Tuesday, August 23, 2005

Place your bets

It's interesting to contrast the always amusing Religious Policeman with this recent post by Michael Young (sadly Lee Smith has not written for Slate in ages). The Policeman, a Saudi native, now lives in London and says
Let me see if I've got this right. You see, I live in a country where everything is based on the Koran, it's ruled more by Imams and Religious Policemen than by the nominal "King"; to see what that means in practice, just keep on reading this blog to find out. To the south is Yemen, where the standard fashion accessory is the AK47, and it makes the Wild West look like the Regency Tea Rooms in Bath, England. To the east is a collection of minor Sheikdoms that are relatively liberal, but too small to have any influence. Further east we've got Pakistan that is only prevented from becoming an Islamic Republic by the will-power of its lonely President, and Afghanistan, say no more. To the north-east we've got Iran, with a new super-conservative-Muslim President who's going to make his own nuclear weapon, which he'll no doubt call "Allah's Bomb".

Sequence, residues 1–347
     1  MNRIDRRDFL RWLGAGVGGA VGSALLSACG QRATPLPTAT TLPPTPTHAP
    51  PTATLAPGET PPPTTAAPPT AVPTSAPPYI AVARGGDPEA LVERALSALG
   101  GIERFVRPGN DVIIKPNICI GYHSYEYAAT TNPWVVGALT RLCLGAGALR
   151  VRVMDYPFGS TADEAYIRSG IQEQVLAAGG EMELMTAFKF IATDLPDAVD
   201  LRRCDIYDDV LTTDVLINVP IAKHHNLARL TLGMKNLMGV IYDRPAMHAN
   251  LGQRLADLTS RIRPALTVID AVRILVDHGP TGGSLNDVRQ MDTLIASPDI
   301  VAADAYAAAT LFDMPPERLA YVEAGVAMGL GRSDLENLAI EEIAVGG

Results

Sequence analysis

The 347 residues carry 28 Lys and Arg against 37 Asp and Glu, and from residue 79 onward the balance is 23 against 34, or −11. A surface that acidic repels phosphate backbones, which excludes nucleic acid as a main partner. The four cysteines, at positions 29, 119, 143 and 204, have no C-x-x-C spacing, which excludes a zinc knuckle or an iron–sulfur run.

By contrast, Young points out
On Monday, Iraq agreed on a draft constitution dividing the country's regions along sectarian and ethnic lines. While there is a chance it will be amended, it seems almost certain that federalism will be enshrined in the final document. If this is confirmed, many Middle Eastern states with similarly multicommunal or multiethnic social structures will recoil in horror. Having long suffocated their own parochial tendencies through authoritarianism, they must now consider what the new reality in Iraq means for them.

Boxed in by ideological absolutes, the Arab world has developed few practical means, other than repression, to address its divisions. As primary loyalties have gained the upper hand, Iraq's impact on the region can only grow. Even Lebanon, which alone in the Middle East adopted a weak state structure to favor the religious communities, will not be spared turbulence, as Sunnis and Shiites compete over the post-Syrian order. Nor will Syria, where a minority Alawite regime rules over a Sunni majority and over disgruntled Kurds who look longingly toward their brethren in Iraq. Nor will Saudi Arabia, where minority Shiites, concentrated in the oil-rich eastern province near the Iraqi border, remain second-class citizens; nor will Bahrain, where a Sunni regime controls a discontented Shiite majority

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